Suzanne Kai, director, Like a Rolling Stone: The Life and Times of Ben Fong-Torres: I intentionally blocked out the world and didn't read or see any films that featured Ben or Rolling Stone. Then, after my initial research, I started to look at what was already out in the public. To my surprise, and even though Ben has written some great books, a lot of the information I filmed with many of the "insiders" was all new and most of that was not known publicly. This really helped to give our film a very fresh and new feeling that brings the audience into a sense of discovering new information about this man not too many people knew—a man who is so important to that groundbreaking time of journalism, rock and roll, and change.
What’s an unexpected lesson making this film taught you?
Sushmit Ghosh, co-director/co-producer, Writing with Fire: Most men in positions of authority and power are stumped when they see a Dalit woman journalist walk up to them with a camera and ask intelligent questions. They are compelled to confront the women’s intellect and engage with them. From behind the lens of my camera, I had the opportunity to experience this shifting dynamic of power.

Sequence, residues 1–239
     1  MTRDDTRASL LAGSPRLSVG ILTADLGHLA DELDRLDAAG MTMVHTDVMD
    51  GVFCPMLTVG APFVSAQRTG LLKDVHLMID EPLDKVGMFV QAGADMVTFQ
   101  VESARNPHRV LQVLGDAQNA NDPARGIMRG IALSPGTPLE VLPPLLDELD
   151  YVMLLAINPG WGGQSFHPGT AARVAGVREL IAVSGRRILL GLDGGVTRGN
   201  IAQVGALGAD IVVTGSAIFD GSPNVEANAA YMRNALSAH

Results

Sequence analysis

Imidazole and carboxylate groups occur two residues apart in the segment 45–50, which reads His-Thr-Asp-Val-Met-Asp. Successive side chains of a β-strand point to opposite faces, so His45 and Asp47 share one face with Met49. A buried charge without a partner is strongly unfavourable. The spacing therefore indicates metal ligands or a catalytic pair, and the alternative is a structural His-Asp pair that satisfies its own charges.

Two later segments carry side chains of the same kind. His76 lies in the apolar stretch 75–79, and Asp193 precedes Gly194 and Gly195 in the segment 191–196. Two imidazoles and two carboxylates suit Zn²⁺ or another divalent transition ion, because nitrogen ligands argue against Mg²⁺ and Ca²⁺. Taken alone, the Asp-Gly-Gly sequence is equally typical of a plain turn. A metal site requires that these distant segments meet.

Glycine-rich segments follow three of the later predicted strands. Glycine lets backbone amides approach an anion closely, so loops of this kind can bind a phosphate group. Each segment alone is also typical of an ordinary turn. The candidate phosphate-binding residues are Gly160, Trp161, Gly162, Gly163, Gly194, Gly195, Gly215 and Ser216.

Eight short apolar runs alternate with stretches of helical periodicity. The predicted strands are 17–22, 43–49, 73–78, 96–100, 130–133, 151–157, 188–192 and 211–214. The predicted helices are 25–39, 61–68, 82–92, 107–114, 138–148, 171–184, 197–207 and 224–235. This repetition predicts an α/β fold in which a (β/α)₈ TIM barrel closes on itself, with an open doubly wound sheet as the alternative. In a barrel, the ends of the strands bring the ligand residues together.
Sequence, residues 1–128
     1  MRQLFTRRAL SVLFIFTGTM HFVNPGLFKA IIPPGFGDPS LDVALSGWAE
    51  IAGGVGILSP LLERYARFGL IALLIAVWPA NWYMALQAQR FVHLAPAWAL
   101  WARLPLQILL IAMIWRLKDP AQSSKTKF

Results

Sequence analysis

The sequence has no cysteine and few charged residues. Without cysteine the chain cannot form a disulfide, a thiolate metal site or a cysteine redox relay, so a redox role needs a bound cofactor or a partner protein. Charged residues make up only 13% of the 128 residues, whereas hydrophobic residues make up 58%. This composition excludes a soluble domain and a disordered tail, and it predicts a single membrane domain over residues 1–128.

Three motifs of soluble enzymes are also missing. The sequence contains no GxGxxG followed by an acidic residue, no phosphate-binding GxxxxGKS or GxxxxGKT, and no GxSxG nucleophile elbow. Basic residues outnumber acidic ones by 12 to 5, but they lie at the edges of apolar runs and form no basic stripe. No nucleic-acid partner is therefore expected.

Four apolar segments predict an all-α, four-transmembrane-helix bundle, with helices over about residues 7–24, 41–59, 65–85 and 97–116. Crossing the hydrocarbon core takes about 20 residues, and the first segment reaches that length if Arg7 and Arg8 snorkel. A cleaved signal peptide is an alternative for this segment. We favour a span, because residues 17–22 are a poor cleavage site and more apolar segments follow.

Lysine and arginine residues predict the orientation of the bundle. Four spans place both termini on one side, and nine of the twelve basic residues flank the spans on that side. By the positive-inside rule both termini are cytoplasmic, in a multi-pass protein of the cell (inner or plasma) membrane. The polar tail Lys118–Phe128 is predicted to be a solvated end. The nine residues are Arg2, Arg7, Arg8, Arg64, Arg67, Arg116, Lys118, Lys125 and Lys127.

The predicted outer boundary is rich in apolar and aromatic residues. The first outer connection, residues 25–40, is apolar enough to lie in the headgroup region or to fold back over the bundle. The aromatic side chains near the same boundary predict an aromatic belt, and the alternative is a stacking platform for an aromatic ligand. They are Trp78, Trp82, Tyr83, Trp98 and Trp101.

Mobolaji Olambiwonnu, director, Ferguson Rises: I learned many things as a filmmaker that I would not have expected, but I think the big thing I took away is the humanity of the people I met on all sides of the political spectrum. When we sat down and spoke to each other with respect and compassion, despite our different views, it gave me some hope that there is the possibility of this country moving forward in the area of race/class. I realized that many of us share the same commitments for a better community and a better world for our children, and that we need to realize that those we don't agree with want the same thing as well.
What do you hope the impact of your film will be as it is experienced by more audiences?
Nicholas Bruckman, director, Not Going Quietly: On the ground level, I hope that every audience member who watches Not Going Quietly leaves feeling uplifted and energized, and takes Ady’s message to heart—that hope is not a state of mind; hope is a state of action, and a hammer that we use to build a better world. It’s a message that transcends politics. On a global level, I want the film to become an organizing tool for those who want to tell their stories and hold politicians’ feet to the fire—the ones that we elect—about their promises, and use people power to fight the corporate interests and lobbying efforts that we know are on the other side of this healthcare fight.